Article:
How To Install Aesthetically Pleasing Childproofing Latches

The newly appointed cleaning supplies cabinet in our laundry room didn’t have any kind of lock or latch on it, and with babies crawling around I didn’t want to take the risk of them getting into it. I needed a way to ward off those grabby baby hands!

Cabinet in question

The plastic child safety latches I have previous experience with attach with sticky tape, and they always fall off. I wanted a more permanent and more attractive solution.

I chose some medium sized chest latches from Home Depot. They are oil rubbed bronze and attach with 6 screws. They aren’t for heavy duty applications, but they seem to have worked for my needs.

Note: these latches are not meant for child safety and haven’t been tested for such use. However, I do like knowing that They won’t randomly fall off because the stickiness wore off. They are not intended to be a replacement for adult supervision, rather they are additional backup. I am not responsible for the safety of your children. You are. 🙂 I’m just showing you what I did.

The first thing I did was hold the latch up to the cabinet and decide where I wanted it to go. The latches go over the edge of the cabinet a little bit, but that’s okay.

Why do hands look weird in photos

I next marked where the screws would go by poking a marker into the screw holes and drawing dots on the cabinet.

Next, using my husbands drill without asking, I drilled pilot holes in each spot.

(Photos only show 4 holes, but there were actually six. Oops!)

Drilling pilot holes

After I drilled the pilot holes, I places the latch back onto the cabinet and centered it over the holes, and held it up with some pink washi tape.

(How’s that for a girly home improvement hack?)

Washi tape has many unexpected uses

Using an impact driver (again without asking) I drove the screws into the cabinet.

I recommend going slow and stopping before they are all completely tightned. I waited to finish tightening them until everything was in place to allow for some wiggle room and alignment.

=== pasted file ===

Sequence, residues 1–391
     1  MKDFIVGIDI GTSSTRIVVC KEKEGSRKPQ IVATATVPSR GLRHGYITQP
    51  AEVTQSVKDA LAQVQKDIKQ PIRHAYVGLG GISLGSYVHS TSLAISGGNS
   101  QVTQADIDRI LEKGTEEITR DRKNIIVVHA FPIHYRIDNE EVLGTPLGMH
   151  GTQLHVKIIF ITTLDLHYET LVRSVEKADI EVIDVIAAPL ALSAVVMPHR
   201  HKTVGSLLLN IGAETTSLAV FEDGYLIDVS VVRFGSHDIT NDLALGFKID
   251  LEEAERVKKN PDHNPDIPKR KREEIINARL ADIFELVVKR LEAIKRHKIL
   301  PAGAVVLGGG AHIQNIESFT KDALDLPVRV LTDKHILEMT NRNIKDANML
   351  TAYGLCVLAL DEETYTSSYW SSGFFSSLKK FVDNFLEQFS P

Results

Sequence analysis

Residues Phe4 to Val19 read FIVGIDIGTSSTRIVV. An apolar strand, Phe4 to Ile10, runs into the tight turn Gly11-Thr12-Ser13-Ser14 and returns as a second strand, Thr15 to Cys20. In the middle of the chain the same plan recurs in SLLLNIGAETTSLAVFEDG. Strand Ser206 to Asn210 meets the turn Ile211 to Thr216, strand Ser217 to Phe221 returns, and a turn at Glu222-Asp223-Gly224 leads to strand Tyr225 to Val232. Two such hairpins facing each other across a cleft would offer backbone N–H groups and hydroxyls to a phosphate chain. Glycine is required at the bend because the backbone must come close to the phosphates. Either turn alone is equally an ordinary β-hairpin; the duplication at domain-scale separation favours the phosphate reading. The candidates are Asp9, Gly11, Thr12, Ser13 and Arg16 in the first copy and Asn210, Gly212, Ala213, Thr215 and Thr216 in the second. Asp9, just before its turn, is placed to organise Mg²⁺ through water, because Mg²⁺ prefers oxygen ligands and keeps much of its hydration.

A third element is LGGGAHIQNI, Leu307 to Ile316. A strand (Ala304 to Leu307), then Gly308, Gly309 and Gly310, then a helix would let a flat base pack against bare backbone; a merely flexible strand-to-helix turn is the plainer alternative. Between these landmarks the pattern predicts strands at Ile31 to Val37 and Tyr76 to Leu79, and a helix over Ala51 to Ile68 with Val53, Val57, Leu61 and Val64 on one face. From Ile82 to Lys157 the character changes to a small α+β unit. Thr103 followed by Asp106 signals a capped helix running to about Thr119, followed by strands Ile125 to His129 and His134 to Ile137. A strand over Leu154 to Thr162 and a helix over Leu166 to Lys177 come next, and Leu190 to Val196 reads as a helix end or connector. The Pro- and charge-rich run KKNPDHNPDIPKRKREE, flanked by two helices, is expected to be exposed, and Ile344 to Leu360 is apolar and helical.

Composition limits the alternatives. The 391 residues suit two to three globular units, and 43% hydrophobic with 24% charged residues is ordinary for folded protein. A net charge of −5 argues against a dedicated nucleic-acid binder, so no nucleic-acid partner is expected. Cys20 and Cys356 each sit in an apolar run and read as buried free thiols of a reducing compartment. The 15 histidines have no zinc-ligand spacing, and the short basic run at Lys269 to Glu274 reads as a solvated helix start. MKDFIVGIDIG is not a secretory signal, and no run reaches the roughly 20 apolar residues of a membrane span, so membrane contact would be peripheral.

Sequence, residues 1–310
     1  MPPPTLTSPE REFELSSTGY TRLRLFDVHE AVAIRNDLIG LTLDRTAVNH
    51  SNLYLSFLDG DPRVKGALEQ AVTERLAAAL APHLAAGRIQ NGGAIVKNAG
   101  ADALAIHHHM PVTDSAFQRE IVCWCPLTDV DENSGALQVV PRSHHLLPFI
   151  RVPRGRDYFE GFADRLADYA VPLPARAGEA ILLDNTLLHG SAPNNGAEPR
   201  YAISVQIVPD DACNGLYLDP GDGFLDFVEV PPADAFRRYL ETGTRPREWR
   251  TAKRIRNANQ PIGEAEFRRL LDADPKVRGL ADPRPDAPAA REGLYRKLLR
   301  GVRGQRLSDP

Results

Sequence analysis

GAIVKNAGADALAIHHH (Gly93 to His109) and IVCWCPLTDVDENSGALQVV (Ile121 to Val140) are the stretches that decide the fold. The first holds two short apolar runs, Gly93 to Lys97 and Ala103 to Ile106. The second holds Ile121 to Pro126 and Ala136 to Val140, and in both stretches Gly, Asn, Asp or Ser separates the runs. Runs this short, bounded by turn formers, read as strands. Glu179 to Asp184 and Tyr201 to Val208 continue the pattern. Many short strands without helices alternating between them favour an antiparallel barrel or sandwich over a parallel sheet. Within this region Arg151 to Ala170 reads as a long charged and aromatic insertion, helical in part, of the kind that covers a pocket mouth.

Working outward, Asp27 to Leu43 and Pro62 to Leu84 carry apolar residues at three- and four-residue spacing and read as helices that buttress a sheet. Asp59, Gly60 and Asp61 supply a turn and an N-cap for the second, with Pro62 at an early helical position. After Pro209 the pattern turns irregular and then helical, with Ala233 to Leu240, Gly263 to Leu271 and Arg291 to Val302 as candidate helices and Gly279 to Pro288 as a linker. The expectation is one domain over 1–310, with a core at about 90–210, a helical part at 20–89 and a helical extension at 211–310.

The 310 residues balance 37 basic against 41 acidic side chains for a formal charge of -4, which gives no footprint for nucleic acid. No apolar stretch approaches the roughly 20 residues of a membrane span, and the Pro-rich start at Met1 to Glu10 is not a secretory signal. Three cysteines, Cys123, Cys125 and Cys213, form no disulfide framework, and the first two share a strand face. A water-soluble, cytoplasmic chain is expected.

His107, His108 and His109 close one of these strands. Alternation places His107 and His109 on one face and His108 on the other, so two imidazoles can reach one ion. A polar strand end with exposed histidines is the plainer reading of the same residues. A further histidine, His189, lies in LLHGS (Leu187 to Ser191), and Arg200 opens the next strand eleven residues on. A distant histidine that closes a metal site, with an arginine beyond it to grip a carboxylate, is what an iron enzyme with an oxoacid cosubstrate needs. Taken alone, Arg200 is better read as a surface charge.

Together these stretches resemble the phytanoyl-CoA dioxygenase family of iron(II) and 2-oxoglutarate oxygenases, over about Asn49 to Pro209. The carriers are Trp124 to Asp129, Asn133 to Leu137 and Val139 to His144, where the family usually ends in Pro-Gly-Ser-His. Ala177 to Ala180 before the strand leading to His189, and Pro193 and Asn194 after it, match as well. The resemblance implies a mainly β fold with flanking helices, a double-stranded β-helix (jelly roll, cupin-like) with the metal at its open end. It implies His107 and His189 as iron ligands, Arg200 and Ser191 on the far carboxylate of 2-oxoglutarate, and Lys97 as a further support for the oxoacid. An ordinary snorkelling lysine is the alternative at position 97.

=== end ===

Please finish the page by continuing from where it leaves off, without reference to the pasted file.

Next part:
Impact driver

You could probably use a handheld screw driver and that would reduce risk of splitting the cabinet wood and squishing the latch, but I didn’t have any problems.

I repeated these steps to attach the other aide of the latch.

Left side

Once it was up, I tested the door. It stayed closed but I can tell it’s not a super strong hold.

I decided to add a second set of latches to the bottom of the cabinet as well for extra strength.

Top and bottom

All done!

Seems to be working!

Yay it’s working!

I like how it turned out and it seems to be preventing little hands from opening the doors too much!

Take that, baby!

Some thing I observed after is worth noting but not huge deals:

The latch has a part that pokes out which makes it so that you can’t open or close only one door at a time. You have to close them both together to get it to line up right.

See that sticky out part?

Not a big deal.

These are definitely not impenetrable (I doubt any latch is against a stubborn toddler) and with enough force I do fear they might pop off or break the cabinet, but the amount of strength a baby or young toddler can muster probably won’t affect them at all.

I like it

I call that a win!

I think I’ll go add some to the kitchen cabinet too!

I try to be funny

That’s it! Pretty easy diy today, I hope you like it!

Friendly reminder that no child proofing measure is a replacement for responsible attention from a parent.

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How do you keep grabby hands out of your cupboards?

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